Arts & Culture

First-Ever Waverly Book Festival Set for This Weekend

Here are the highlights planned for the bibliophile bash, which will feature author talks, book shopping, and special events at neighborhood shops.

The brand new Waverly Book Festival—organized by Waverly Main Street, a nonprofit dedicated to ensuring the prosperity of the historic North Central Baltimore neighborhood—is set to debut this weekend, April 28-30, with a lineup of panels, author meet-and-greets, and plenty of chances to support the community’s many literary hangouts. Among them are Normal’s Books and Records, Urban Reads, The Book Thing, Enoch Pratt’s Waverly branch, and Red Emma’s—which just recently settled into its new cafe, bookshop, and events space at 3128 Greenmount Ave. 

The new bibliophile bash undoubtedly fills a void left by the Baltimore Book Festival, the Mt. Vernon event organized by the Baltimore Office of Promotion and the Arts that hasn’t been held since COVID-19 hit. Waverly Main Street’s executive director Diana Emerson calls it “a huge loss,” but also explains that the Waverly fest isn’t meant to be in competition with its predecessors. Mainly, organizers hope locals see it as an opportunity to explore a new pocket of the city.

“[We want] everybody to recognize that we have hundreds of neighborhoods in the city with great access to small businesses, up-and-coming entrepreneurs, foodies—everything,” she says. “[In Waverly,] we have so many amazing shops on Greenmount Avenue and on our side streets. We want people to come see us often.”

Festivities throughout the weekend will kick off on Friday, April 28 with a pre-event talk led by local photojournalist Jim Burger (author of What’s Not to Like: Words and Pictures of a Charmed Life) at Enoch Pratt, as well as an opening party at Peabody Heights Brewery. On Saturday—fittingly Independent Bookstore Day—attendees can check out a pop-up book shop at the Waverly Farmers Market; micropress fair and drag storytelling with Vee Vee Majesty at Peabody Heights; typewriter poetry by DJ Leary at The Book Thing; and talks by local authors at various locations throughout the day.

Closing out the weekend on Sunday will be an open-air market with eats, drinks, kids activities, and a jam-packed lineup of author panels on the main stage at 32nd and Greenmountwith appearances by local writers including D. Watkins, Baynard Woods, Kristina Gaddy, Alanah Nichole Davis, Teri Henderson, Shae McCoy, Devin Allen, and Sheri Booker.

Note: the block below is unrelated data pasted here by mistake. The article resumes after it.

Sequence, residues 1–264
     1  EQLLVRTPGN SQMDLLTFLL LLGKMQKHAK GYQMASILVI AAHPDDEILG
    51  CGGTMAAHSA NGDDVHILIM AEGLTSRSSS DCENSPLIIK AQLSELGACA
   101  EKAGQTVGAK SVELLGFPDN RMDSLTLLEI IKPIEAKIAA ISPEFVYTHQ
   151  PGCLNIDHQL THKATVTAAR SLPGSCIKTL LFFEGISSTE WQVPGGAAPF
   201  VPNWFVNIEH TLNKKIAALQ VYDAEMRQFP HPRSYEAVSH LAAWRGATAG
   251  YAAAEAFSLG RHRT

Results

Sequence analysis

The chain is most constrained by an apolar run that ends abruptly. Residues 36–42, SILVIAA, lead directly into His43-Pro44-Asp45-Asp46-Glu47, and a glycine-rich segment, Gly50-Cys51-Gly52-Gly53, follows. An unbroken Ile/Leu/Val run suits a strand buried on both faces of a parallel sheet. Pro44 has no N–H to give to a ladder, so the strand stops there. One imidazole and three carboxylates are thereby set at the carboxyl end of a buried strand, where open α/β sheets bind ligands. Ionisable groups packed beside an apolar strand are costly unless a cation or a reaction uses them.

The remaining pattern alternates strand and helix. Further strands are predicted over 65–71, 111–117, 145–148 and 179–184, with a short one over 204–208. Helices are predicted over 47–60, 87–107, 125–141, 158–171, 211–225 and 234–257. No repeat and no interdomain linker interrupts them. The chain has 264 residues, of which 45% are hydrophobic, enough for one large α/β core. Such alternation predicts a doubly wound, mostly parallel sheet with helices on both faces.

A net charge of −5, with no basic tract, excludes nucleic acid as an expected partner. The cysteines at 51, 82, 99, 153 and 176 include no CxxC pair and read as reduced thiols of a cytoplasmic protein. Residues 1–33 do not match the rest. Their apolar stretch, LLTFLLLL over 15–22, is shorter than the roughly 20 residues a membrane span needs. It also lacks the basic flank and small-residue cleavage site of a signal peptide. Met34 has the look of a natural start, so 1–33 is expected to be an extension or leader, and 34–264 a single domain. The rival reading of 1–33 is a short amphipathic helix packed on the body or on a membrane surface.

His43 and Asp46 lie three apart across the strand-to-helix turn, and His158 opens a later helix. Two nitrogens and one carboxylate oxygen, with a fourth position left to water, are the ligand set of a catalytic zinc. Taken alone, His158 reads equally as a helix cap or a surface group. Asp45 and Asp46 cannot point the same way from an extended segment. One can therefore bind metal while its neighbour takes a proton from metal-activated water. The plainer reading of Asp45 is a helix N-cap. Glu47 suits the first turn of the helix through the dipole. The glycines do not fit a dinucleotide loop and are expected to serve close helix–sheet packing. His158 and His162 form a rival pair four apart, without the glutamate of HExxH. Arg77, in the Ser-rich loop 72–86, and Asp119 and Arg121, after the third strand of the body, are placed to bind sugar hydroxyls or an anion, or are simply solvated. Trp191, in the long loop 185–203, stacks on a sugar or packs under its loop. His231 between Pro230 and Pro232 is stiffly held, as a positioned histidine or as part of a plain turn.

Overall, Emerson hopes Baltimoreans will take the time to stock up on books, absorb insight from the conversations, and be reminded of the wonder that is Waverly.

“I want to give people another reason, [other than us being the home of Memorial Stadium,] to remember to come back,” she says. “We’re hoping that this will be an annual tradition.”

Below, we break down five highlights you can’t miss during the inaugural festival’s run:

4/28: Waverly Writers Salon Kickoff 
At the kickoff party, grab a beer (Peabody is unveiling its new “Plot-Driven” brew in honor of the festivities) and settle in to hear readings led by artist Rahne Alexander and other local writers. The party will also feature food from Waverly’s own Eat This Food Truck and a special dessert from Charm City Cakes. Make sure you register ahead of time—the first 150 people to RSVP will receive a complimentary drink ticket. Peabody Heights Brewery. 401 E 30th St. 7 p.m.

4/29-30: Independent Bookstore Day and Vendor Fair Book Shopping
Perhaps it goes without saying, but the festivities are also an ideal time to support local retailers by stocking up on new reads. Celebrate Independent Bookstore Day on Saturday by hopping around to the micropress fair at Peabody, book pop-up at the 32nd Street Farmers Market, and local shops like Red Emma’s and Urban Reads. At the main stage festival on Sunday, browse a pop-up book fair with visiting vendors including Charm City Books in Pigtown, Bird in Hand in Charles Village, The Ivy in Mt. Washington, Snug Books in Hamilton-Lauraville, and others.

4/29: Adrienne Maree Brown and Tarana Burke in Conversation
Spend your Saturday evening at Red Emma’s, where author, musician, and social and environmental justice activist Adrienne Maree Brown will speak with New York Times best-selling author and #MeToo movement founder Tarana Burke. Expect the conversation to address their emerging strategies in the fight for liberation and the intersection of sexual violence and racial justice. Red Emma’s. 3128 Greenmount Ave. 7 p.m.

4/30: Main Stage Festivities
Head to 32nd and Greenmount to enjoy on-site food and drink vendors, family-friendly activities, books and merch for sale, and hourly 1:1 talks with authors and writers from near and far. Catch pairs like Cameroon-born essayist Vanessa A. Bee and The New Republic contributor Osita Nwanevu at 12 p.m.; Time magazine-featured photographer Devin Allen and I Got a Monster author Baynard Woods at 1 p.m.; and poet and essayist Hanif Abdurraqib and True Laurels founder Lawrence Burney at 4 p.m. 32nd and Greenmount. 11 a.m.-6 p.m.

4/30: Children’s Entertainment Area
Bring the little bookworms along to join in on the fun at the designated kids’ zone on the corner of Merryman Lane and Brentwood Avenue. Aside from family-friendly activities and live readings from special guests throughout the day, little ones will enjoy performances by the Baltimore Improv Group. “We wanted to make sure that we didn’t leave anyone out,” Emerson says. Corner of Merryman Lane and Brentwood Avenue. 11 a.m.